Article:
17 December 2005

"If you love yourself, protect yourself"

A quickie:

That's a line from a song by an African (Malian?) singer with AIDS. He uses his songs to get the message out, as do many musical artists on the African continent these days. Governments hide from the spread of HIV/AIDS so as to avoid the wrath of conservative Western nations who preach abstinence to the exclusion of condom use. And you what? Some guy (oh, so articulate today) said it best (and I paraphrase); "Abstinence is their culture, and they can't solve our problems by imposing their culture."


How is this so-called "aid" from the West helping? It's not. It's drives the problem underground and renders on-the-ground agencies ineffective and unable to do anything. If they hand out condoms, they lose funding; but they see that "Don't have sex and you'll be safe" is not a message that young people (carrying the largest rate of infection) are listening to. And in their case, it's not a matter of Hollywood tearing apart traditional values in the name of titilating and grabbing the audience's attention to sell, sell, sell! I'm going to bet that, in this "500 channel universe, Africa is grossly under-represented. Mauritias was the highest African ranking I could find at # 91 on a global ranking with 209.586 TVs per 1,000 people. This, versus the USA with 740.53 TVs per 1,000 people, ranking them at #3 (Canada is #6 with 655.388 per 1,000 people and the #1 ranked country is Bermuda with 1,009.71 per 1,000 people, accoring to NationMaster.com).

The AIDS crisis in Africa is not going to be solved by the G. W. Bushes and Popes of the world (to use two of the higher profile figures) parachuting in with a stop-gap that will turn the tide any more than Ozzy Osbourne is going to cause millions of youngsters to try to bite the heads off bats by doing it at a concert. It just doesn't work that way. I think groups (NGOs, etc.) and countries that want to have a real impact on stemming the spread of HIV/AIDS in Africa have to work within the culture first educating them about all kind of prevention; first the extra-corporal kind such as condoms so that those who see extra-marital and promiscuous (both a mode of activity and a moral judgement) sex as part of their cultural heritage will have the tools to protect themselves and others; then we can teach the individual choices that are fool-proof and 100% effective, such as abstinence and faithfulness to marital partners (another Western judgement).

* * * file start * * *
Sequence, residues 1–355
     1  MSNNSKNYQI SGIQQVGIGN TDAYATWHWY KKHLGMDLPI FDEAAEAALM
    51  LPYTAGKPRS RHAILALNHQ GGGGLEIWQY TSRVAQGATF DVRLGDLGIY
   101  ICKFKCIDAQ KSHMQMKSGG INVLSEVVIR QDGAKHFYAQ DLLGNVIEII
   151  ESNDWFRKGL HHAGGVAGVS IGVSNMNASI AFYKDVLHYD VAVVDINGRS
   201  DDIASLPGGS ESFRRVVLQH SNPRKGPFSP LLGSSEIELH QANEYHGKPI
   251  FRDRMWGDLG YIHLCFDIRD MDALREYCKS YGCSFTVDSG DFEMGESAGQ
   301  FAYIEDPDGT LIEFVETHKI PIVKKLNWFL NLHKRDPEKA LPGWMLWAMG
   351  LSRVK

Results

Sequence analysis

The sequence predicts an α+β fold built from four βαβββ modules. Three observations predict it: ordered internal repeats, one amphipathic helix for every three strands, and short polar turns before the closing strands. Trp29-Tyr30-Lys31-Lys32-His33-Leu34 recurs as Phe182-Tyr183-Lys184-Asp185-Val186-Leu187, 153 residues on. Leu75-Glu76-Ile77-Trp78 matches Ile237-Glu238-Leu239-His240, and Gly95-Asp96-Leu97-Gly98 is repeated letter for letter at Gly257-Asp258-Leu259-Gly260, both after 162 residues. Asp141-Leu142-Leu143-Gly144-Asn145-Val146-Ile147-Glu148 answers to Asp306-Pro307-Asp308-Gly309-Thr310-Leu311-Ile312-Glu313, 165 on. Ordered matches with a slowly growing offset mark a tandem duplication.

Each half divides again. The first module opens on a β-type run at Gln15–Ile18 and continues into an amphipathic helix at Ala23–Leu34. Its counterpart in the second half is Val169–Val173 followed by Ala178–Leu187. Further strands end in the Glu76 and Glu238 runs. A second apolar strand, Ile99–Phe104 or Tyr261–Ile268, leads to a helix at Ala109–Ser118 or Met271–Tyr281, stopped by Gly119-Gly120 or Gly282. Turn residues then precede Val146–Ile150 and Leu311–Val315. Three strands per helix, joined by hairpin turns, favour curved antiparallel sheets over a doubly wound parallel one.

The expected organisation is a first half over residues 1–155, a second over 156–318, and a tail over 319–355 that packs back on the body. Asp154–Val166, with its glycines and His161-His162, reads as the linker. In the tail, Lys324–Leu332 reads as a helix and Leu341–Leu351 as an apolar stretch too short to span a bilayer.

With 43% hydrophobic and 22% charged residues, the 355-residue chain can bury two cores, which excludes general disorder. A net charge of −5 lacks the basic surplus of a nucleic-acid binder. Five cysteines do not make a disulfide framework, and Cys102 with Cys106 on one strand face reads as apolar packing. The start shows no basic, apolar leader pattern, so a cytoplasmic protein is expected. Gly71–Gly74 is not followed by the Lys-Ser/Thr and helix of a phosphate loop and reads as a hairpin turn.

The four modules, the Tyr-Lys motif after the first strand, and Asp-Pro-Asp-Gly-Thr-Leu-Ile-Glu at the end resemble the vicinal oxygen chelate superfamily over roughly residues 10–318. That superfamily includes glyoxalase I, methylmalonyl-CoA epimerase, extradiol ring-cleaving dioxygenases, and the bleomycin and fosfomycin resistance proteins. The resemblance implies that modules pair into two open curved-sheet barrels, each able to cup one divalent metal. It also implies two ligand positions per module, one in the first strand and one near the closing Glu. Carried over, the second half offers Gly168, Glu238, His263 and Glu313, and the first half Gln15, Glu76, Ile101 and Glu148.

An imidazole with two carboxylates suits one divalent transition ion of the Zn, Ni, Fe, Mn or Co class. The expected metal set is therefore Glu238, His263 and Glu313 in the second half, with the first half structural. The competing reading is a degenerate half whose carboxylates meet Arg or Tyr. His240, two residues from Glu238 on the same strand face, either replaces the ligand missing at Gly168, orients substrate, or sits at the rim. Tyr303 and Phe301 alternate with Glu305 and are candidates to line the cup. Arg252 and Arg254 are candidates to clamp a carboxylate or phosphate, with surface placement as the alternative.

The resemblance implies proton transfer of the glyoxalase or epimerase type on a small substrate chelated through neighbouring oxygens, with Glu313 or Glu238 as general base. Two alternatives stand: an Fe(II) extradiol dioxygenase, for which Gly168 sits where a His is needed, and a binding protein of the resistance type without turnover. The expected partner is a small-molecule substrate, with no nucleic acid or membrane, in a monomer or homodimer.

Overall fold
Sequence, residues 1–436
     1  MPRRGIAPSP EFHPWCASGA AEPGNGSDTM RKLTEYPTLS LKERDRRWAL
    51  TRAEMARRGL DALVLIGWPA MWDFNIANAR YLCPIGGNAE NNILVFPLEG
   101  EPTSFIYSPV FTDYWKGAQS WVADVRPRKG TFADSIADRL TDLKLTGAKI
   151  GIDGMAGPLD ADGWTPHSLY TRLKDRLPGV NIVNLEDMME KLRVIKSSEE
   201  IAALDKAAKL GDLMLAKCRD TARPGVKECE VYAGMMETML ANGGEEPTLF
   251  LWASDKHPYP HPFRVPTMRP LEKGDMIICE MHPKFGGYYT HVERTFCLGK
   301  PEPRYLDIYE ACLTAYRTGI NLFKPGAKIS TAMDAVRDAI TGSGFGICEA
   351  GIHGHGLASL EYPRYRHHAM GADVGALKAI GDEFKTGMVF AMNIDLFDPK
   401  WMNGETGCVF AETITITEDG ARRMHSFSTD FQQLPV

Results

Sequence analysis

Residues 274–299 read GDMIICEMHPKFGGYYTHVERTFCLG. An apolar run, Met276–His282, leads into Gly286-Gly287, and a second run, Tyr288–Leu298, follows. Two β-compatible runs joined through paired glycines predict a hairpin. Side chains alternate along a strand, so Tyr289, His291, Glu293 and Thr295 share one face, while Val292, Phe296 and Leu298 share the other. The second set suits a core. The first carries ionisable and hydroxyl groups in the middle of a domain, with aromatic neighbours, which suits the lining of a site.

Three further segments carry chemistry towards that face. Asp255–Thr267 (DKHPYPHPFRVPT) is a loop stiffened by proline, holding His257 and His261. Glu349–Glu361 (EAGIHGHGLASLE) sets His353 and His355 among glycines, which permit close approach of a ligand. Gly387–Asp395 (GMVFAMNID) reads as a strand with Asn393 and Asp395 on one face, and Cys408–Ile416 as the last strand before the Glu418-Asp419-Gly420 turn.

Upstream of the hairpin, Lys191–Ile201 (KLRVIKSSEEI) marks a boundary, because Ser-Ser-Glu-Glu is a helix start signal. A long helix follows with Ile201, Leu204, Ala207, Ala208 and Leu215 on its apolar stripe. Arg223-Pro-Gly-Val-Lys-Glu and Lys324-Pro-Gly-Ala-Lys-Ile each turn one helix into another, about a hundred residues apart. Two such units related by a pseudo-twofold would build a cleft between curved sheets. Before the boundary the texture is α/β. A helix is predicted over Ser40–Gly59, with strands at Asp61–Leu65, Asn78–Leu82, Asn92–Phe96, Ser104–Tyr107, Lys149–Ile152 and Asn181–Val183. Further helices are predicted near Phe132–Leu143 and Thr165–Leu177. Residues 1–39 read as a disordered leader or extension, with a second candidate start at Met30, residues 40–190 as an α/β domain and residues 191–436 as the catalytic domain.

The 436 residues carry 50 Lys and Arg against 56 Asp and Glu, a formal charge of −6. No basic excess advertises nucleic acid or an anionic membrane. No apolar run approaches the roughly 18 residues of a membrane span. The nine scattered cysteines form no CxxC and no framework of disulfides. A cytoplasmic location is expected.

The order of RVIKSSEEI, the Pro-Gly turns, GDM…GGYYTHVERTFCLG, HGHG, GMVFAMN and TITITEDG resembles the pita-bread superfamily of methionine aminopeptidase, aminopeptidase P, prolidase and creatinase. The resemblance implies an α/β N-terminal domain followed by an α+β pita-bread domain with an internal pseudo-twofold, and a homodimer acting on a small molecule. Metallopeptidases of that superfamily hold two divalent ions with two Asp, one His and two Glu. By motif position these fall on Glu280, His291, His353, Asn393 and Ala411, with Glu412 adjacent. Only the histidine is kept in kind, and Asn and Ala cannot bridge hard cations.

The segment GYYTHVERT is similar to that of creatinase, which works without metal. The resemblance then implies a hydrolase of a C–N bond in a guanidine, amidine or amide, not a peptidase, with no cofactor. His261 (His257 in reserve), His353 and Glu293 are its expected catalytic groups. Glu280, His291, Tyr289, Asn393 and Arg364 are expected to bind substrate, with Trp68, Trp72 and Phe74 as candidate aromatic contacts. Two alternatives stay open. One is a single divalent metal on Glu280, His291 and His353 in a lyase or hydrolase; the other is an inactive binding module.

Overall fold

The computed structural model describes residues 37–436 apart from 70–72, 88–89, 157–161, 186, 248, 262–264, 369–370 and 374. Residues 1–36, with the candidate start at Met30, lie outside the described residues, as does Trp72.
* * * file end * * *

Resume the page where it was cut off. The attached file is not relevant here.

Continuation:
So, disagree. Or continue to feel helpless. But there are two effective things you can do.
  1. Protect yourself.
  2. Start talking: to politicians, friends, the media, and anyone you can get your hands on. Ask them to start funding the HIV/AIDS fight in Africa -- all parts, not just the moral bits.

If you're interested in other ways to get involved, check out the website of Stephen Lewis. He's Canadian, and the UN Secretary-General's Special Envoy for HIV/AIDS in Africa. You can also read more about the man here.

And with those sobering thoughts, I must hie me to a Christmas party. Yes, it's Christmas here in Canada. But do they know it's Christmas in Africa?

Wait. Wrong cause....

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